Tokyo Brushstrokes I & II Will Be on View Beginning Friday, April 18,
On the Front Lawn of the Museum
The Parrish Art Museum will exhibit Roy Lichtenstein’s monumental sculptures, “Tokyo Brushstrokes 1 & II (1994) beginning Friday April 1
As of Friday, April 18, 2014, Roy Lichtenstein's monumental sculpture, Tokyo Brushstroke I & II (1994) will grace the entry of The Parrish Art Museum in Water Mill courtesy of the artists’ widow, Dorothy Lichtenstein. It is the first long-term sculpture by the artist, will be on view outdoors at the Water Mill campus of the the Parrish Art Museum. It is the first long-term sculpture out side the new Herzog & de Meuron-designed building.
Tokyo Brushstroke I & II will be placed on the
front lawn, west of the driveway entrance to the museum, near the museum. It is
a long-term loan courtesy of the Roy Lichtenstein Foundation, with additional
support from the Glenn and Amanda Fuhrman and the Furman Family Foundation.
In a statement the museum said they are thrilled with the sculpture and to become “the home for Tokyo Brushstroke I & II at this time,” said Parrish Art Museum Director Terrie Sultan. “We are tremendously grateful to the Roy Lichtenstein Foundation and the Fuhrman Family Foundation for their generosity. This awe-inspiring work promises to become a cultural landmark, and a beacon that draws visitors to the Parrish.”
The installation, Tokyo Brushstrokes I & II is made of painted and fabricated aluminum by Paul Amaral and Amaral Custom Fabrication in Rhode Island. It is taller than the Parrish Museum itself and stands 33 feet high and will be installed wit a crane into a secure cement plinth. Weighing over 12,000 pounds, Tokyo Brushstroke I is constructed in two pieces that will be joined together on site. Tokyo Brushstroke II weighs approximately 5,000 pounds and is 19 feet high inches). It will be installed closer to Montauk Highway.
Tokyo Brushstroke I & II is part of a series of "brushstroke" sculptures constructed mainly mostly in the 1960s. Similar "Brushstroke Groups" can be found in Madrid, Paris, Singapore, Washington, D.C., and other cities worldwide.
Lichtenstein said of the work, “It’s a symbol of something it isn’t and that is part of the irony I’m interested in." The work asks questions about the contradictions between the ephemeral nature of the artist's brushstroke and the monumentality and permanence of art.
The installation of Tokyo Brushstroke I &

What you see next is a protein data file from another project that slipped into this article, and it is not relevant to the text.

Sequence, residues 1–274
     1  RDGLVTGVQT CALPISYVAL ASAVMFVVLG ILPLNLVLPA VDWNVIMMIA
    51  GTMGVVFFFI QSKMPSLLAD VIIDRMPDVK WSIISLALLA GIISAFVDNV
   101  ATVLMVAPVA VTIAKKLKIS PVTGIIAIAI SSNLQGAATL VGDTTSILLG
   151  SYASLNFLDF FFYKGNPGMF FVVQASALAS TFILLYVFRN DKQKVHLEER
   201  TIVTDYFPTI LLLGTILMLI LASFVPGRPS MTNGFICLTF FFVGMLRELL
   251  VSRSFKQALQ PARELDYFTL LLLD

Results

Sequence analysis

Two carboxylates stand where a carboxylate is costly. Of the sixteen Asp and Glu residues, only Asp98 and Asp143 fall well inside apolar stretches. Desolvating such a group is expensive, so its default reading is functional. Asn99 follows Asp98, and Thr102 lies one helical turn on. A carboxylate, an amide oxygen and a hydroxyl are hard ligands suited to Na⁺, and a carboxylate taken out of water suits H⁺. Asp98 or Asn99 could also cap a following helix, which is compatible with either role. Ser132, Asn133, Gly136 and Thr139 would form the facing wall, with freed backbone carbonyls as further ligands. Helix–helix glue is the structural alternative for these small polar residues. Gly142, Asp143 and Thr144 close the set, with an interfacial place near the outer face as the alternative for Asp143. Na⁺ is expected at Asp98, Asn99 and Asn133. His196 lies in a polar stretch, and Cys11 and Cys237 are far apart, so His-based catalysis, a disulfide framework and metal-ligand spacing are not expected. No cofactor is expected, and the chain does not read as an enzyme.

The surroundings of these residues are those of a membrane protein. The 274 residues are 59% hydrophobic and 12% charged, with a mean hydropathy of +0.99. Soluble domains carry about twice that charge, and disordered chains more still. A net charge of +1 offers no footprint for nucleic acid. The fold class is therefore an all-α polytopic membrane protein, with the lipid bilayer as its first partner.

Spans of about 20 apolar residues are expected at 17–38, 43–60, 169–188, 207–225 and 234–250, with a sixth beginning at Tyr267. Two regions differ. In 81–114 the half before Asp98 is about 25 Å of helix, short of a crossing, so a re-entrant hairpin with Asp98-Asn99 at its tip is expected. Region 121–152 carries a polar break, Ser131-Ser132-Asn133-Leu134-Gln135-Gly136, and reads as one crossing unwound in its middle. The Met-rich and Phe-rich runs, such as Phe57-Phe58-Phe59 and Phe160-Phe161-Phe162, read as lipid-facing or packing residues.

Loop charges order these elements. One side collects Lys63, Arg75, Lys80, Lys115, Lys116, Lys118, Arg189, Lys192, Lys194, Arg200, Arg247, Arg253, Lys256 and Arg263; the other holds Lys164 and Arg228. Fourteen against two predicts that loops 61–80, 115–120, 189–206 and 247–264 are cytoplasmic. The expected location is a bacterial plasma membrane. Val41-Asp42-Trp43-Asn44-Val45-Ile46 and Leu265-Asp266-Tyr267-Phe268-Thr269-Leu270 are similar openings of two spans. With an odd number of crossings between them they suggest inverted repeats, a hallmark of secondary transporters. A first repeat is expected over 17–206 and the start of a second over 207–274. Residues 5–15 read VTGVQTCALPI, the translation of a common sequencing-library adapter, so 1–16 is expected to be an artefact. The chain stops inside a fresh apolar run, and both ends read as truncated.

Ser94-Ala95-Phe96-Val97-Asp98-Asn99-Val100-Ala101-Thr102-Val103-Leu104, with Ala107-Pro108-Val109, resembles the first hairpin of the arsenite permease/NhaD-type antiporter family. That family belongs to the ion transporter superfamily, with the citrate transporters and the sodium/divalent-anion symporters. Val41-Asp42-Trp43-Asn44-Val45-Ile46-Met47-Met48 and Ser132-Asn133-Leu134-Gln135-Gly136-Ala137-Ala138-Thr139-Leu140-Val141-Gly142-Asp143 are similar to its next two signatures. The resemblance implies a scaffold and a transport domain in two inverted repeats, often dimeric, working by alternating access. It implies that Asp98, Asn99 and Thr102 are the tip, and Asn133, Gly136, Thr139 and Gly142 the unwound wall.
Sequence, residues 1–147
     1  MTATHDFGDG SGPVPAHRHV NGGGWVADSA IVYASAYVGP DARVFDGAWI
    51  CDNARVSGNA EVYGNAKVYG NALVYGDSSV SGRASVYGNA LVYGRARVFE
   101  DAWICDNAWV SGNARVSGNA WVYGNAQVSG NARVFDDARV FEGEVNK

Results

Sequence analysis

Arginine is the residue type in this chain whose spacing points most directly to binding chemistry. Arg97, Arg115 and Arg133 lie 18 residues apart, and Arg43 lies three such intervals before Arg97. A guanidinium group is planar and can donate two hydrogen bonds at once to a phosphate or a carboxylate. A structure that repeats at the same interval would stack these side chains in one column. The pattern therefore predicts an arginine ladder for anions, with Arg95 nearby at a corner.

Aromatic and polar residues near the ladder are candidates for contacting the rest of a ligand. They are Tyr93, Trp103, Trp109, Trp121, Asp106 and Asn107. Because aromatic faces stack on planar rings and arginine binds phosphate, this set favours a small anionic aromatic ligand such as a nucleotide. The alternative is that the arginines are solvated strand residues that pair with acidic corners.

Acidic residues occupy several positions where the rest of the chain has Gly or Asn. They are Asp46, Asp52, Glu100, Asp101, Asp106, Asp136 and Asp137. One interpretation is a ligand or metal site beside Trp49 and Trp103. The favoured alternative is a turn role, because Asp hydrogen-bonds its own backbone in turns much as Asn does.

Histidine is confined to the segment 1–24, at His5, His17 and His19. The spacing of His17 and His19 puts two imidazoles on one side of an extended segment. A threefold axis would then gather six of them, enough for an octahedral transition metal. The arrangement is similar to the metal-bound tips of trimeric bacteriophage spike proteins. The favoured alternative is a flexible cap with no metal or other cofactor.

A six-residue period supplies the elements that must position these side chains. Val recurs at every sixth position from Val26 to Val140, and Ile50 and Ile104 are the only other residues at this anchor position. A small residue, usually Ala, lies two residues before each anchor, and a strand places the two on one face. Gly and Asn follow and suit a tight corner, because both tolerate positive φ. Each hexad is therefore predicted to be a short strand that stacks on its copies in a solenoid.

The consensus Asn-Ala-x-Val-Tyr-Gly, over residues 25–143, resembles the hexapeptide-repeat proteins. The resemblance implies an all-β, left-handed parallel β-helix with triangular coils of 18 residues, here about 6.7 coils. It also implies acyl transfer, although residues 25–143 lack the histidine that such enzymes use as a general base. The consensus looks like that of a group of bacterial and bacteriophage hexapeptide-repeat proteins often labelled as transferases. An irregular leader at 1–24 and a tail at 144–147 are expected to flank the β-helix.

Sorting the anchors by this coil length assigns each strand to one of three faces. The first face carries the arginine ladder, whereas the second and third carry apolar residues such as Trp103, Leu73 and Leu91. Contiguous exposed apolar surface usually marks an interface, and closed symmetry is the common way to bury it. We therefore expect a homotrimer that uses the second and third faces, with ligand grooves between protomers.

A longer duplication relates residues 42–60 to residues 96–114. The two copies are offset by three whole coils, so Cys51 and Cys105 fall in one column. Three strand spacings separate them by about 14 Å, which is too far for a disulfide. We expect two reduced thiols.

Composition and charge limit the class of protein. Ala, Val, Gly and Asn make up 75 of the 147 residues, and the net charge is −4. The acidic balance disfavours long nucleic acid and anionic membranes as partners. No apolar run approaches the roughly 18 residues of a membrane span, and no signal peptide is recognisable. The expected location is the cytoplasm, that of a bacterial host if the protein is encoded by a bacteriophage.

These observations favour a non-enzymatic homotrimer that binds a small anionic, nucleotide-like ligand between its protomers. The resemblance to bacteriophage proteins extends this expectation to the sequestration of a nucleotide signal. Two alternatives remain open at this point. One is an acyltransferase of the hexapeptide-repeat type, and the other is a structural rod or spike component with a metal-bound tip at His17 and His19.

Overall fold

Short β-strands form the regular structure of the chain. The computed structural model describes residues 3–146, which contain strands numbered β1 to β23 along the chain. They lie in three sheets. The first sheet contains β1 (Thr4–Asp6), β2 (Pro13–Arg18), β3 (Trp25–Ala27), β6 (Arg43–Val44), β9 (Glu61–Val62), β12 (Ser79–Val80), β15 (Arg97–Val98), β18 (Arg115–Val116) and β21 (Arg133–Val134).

II at the Parrish Art Museum underscores the ongoing legacy of
Lichtenstein on the East End. Roy Lichtenstein and his wife Dorothy moved
to Southampton to live year-round in 1970, beginning a warm and enduring
relationship with the Parrish Art Museum and the East End of Long Island.
In 1982, the Museum organized an exhibition of 48 Lichtenstein paintings from 1951 to the early 1980s, the first to include rarely seen early works such as the iconic Look Mickey (1961). Other monographic shows of his work at the Parrish Art Museum include: The Prints of Roy Lichtenstein, a major exhibition organized by the National Gallery of Art, Washington, D.C., (1995), and Roy Lichtenstein: American Indian Encounters (2006) that paired his paintings with Native American artifacts from the Montclair Art Museum. In the summer of 1995, the Parrish Art Museum brought the impressive monumental stainless steel sculpture Modern Head (1989) to Southampton’s Lake Agawam Park.
Roy Lichtenstein (1923-1997) was an American pop art painter active in New York from the 1960s until his death in 1997. He spent a good deal of his time in Southampton and is best known for his iconic large-scale paintings based on comic books. Lichtenstein continues to be one of the most influential and recognizable artists of the 20th century.
The Parrish Art Museum is the oldest cultural institution on the East End of Long Island, uniquely situated within one of the most concentrated creative communities in the United States. The Parrish is dedicated to the collection, preservation, interpretation, and dissemination of art from the nineteenth century to the present, with a particular focus on honoring the rich narrative legacy of visual arts of the East End of Long Island—the country’s longest living extant art colony. The Parrish is committed to educational outreach, to serving as a dynamic cultural resource for its diverse community, and to celebrating artistic innovation for generations to come.